HC: In the book, you challenged the notion of Wyoming as an independent state, talking about the dependence on the mineral and fossil fuel sector overall.

DF: And I think that it's true. We see ourselves as self-reliant, independent and Westerners with this sort of, ‘We carry our own weight and we pay our own bills.’ But that's not true in Wyoming and the taxpayers and the Division of Economic Research at the state have documented that we're paying roughly 20 [to] 22 percent of the cost of all of the services that we obtained as citizens. The rest of it is paid for by mineral severance taxes, federal money that's diverted to the state for various purposes, as well as the interest income off of the permanent mineral trust fund. So this notion that 'I'm carrying my own weight and paying my own way,' it's just not true about us as individuals.

HC: In the book, you also mentioned the future of Wyoming and the notion that the state needs to find a way not only to diversify its economy but to rely less on minerals and the fossil fuel industry, just generally speaking. What would you say needs to happen to make that more of a reality?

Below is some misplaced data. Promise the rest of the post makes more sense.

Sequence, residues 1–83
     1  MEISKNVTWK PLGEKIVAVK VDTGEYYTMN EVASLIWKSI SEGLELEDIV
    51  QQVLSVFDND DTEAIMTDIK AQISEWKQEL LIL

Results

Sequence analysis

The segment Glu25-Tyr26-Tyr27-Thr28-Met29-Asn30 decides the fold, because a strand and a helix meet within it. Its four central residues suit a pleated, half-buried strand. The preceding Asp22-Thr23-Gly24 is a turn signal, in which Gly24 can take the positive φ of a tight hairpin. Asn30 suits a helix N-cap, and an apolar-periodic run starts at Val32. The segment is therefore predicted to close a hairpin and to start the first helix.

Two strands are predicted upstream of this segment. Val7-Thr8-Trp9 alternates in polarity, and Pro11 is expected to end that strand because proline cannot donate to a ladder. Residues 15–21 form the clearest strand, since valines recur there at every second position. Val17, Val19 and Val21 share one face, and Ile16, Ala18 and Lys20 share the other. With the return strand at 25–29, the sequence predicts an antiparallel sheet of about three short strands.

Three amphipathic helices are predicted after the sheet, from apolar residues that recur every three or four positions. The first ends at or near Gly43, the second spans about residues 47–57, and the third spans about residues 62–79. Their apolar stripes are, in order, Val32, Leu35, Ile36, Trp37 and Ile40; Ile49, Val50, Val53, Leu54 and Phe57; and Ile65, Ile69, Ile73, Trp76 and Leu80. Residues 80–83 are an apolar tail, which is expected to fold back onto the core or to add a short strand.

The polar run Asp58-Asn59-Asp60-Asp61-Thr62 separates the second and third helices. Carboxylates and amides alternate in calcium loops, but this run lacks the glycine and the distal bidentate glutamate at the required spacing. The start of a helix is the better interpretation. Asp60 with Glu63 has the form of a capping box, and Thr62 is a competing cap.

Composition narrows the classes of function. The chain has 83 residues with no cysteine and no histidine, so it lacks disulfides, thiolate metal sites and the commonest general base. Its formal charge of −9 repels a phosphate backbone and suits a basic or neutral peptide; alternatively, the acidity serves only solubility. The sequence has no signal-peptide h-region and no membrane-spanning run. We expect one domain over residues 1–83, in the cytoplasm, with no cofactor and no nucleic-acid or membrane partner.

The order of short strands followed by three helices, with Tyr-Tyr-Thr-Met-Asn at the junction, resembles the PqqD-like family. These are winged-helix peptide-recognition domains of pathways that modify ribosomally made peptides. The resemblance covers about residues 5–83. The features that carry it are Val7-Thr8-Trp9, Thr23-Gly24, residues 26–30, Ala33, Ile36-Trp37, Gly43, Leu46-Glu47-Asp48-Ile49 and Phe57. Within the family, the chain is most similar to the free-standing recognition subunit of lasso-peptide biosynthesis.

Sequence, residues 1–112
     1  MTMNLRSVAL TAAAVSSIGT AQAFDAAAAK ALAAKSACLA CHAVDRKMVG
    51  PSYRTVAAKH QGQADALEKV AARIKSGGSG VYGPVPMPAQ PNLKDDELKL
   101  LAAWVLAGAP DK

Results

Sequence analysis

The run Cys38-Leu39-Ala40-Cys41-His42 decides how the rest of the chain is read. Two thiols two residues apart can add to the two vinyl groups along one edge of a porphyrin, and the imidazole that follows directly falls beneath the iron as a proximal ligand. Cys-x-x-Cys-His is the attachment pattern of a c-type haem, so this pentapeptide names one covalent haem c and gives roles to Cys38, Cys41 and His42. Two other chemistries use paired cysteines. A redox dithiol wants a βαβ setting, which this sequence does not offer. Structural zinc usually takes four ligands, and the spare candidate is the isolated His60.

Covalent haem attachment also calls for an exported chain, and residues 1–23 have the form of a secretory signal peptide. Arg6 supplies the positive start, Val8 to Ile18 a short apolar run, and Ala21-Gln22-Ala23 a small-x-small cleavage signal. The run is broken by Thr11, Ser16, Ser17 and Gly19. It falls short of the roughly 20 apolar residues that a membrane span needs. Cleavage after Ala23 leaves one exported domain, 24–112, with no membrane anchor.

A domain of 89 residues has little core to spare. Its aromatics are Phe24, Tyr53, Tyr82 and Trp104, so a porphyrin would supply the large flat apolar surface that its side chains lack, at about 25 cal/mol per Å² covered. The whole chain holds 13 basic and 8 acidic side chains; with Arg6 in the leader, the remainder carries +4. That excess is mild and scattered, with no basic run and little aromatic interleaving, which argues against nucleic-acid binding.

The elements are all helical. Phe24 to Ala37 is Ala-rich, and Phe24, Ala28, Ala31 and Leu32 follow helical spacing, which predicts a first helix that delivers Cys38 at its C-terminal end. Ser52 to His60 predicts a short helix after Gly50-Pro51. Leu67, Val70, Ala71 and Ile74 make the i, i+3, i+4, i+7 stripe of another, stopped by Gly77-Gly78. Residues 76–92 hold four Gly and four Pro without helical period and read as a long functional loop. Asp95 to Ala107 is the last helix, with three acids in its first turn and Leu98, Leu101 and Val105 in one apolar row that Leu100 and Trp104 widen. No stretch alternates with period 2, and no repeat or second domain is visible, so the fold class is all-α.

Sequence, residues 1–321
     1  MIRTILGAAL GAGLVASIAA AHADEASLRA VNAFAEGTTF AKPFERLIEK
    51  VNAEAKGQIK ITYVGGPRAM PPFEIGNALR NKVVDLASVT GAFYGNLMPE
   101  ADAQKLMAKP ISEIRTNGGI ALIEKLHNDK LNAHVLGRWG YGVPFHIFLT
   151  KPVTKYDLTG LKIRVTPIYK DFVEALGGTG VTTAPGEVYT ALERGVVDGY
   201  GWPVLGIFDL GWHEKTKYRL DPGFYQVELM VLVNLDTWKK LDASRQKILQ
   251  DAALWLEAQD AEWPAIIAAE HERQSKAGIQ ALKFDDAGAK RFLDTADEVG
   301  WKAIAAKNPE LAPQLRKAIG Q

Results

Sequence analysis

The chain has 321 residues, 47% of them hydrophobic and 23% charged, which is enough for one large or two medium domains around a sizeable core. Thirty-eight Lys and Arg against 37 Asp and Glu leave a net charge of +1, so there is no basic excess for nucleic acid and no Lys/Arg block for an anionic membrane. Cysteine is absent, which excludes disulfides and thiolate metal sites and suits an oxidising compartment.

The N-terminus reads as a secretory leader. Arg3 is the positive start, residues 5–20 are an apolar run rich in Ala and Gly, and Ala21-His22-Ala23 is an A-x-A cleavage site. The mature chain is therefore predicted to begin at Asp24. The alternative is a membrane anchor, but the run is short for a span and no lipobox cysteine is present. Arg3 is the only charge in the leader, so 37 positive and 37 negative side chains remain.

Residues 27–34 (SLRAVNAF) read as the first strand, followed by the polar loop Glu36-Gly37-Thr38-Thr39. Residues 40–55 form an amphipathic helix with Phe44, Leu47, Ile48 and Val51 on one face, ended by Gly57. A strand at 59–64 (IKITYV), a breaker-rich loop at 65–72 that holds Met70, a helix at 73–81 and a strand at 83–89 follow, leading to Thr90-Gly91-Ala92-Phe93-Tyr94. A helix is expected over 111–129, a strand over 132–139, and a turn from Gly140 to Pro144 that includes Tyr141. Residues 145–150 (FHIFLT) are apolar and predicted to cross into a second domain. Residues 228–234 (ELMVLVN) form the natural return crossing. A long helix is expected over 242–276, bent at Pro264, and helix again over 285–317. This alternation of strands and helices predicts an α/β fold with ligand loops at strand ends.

DF: I need to pay more taxes. [It’s] not something I want to do but I need to begin to live up to the cowboy mythology that we have and free up some of those resources that we're getting from the mineral sector and start investing in everything from livable communities to [the] internet. If you look at Gillette, the great thing about Gillette is they got a great workforce. It's a great community but the real plus it has is rail access, and we should be putting money behind efforts to help Gillette figure out what they can do next. There's always going to be some coal production, but it's hard. We're not going to get back to 488 million tones [of coal mined in the Powder River Basin] but there's always going to be some. But you're going to have to come up with other activities and we should be, to some degree. We're going to have to pay for some of that infrastructure ourselves. I don't like the idea of paying more taxes, but I also don't like the idea that all my kids have left because there's not jobs for them.